Dietary options and behavior suggested by plant biomarker evidence in an early human habitat

Clayton Magill, Gail M. Ashley, Manuel Domínguez-Rodrigo, Katherine H. Freeman

Research output: Contribution to journalArticlepeer-review

50 Citations (Scopus)


The availability of plants and freshwater shapes the diets and social behavior of chimpanzees, our closest living relative. However, limited evidence about the spatial relationships shared between ancestral human (hominin) remains, edible resources, refuge, and freshwater leaves the influence of local resources on our species’ evolution open to debate. Exceptionally well-preserved organic geochemical fossils—biomarkers—preserved in a soil horizon resolve different plant communities at meter scales across a contiguous 25,000 m2 archaeological land surface at Olduvai Gorge from about 2 Ma. Biomarkers reveal hominins had access to aquatic plants and protective woods in a patchwork landscape, which included a spring-fed wetland near a woodland that both were surrounded by open grassland. Numerous cut-marked animal bones are located within the wooded area, and within meters of wetland vegetation delineated by biomarkers for ferns and sedges. Taken together, plant biomarkers, clustered bone debris, and hominin remains define a clear spatial pattern that places animal butchery amid the refuge of an isolated forest patch and near freshwater with diverse edible resources.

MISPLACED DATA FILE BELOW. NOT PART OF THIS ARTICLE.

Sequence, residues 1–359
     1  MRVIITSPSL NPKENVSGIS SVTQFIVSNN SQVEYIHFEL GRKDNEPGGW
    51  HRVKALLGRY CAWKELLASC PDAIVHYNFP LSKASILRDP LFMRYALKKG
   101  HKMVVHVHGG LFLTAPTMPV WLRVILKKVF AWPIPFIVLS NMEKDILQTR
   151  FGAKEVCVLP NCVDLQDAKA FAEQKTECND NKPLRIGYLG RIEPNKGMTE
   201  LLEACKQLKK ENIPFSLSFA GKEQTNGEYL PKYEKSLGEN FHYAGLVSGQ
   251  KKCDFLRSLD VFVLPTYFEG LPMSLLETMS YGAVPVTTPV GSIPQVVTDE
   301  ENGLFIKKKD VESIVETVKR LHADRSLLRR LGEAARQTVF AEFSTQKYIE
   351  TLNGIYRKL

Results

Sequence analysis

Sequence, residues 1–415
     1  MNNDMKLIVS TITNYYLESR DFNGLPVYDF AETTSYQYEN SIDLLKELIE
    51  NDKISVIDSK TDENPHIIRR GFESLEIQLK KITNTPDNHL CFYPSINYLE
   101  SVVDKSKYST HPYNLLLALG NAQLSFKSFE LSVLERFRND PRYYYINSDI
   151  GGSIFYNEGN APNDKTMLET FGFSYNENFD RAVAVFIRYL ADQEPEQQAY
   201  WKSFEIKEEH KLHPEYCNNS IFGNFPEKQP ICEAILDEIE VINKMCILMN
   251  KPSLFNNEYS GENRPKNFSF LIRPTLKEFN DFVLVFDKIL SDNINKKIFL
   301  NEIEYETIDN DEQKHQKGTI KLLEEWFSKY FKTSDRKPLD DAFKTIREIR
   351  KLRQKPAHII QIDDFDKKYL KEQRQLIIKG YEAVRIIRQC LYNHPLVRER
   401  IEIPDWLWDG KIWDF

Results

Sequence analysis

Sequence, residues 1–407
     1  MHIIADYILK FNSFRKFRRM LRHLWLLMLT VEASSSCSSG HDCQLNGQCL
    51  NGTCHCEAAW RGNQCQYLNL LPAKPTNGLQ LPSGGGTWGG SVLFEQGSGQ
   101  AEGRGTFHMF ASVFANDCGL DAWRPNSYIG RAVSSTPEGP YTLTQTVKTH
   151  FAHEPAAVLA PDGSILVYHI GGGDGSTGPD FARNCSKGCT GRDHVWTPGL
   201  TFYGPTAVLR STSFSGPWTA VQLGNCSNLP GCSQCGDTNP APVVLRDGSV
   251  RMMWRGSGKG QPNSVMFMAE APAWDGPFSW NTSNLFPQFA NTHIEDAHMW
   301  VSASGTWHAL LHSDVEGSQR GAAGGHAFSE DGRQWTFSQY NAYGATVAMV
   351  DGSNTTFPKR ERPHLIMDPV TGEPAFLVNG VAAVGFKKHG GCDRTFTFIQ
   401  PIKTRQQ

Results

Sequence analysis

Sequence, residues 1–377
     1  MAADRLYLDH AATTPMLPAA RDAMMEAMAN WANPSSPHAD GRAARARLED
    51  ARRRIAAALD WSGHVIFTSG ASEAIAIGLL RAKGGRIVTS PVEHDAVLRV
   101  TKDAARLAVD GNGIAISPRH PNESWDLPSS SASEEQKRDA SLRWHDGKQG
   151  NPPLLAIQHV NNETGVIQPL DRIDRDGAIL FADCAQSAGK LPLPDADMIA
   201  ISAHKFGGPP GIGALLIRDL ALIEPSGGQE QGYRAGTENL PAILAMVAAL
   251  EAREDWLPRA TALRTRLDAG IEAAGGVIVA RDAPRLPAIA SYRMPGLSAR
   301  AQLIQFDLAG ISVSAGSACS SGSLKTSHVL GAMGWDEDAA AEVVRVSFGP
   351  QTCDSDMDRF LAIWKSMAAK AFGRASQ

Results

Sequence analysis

Original languageEnglish
Pages (from-to)2874-2879
JournalProceedings of the National Academy of Sciences
Issue number11
Publication statusPublished - Mar 2016


  • Biomarker
  • Leaf wax
  • Carbon isotope
  • Paleoecology
  • Human evolution


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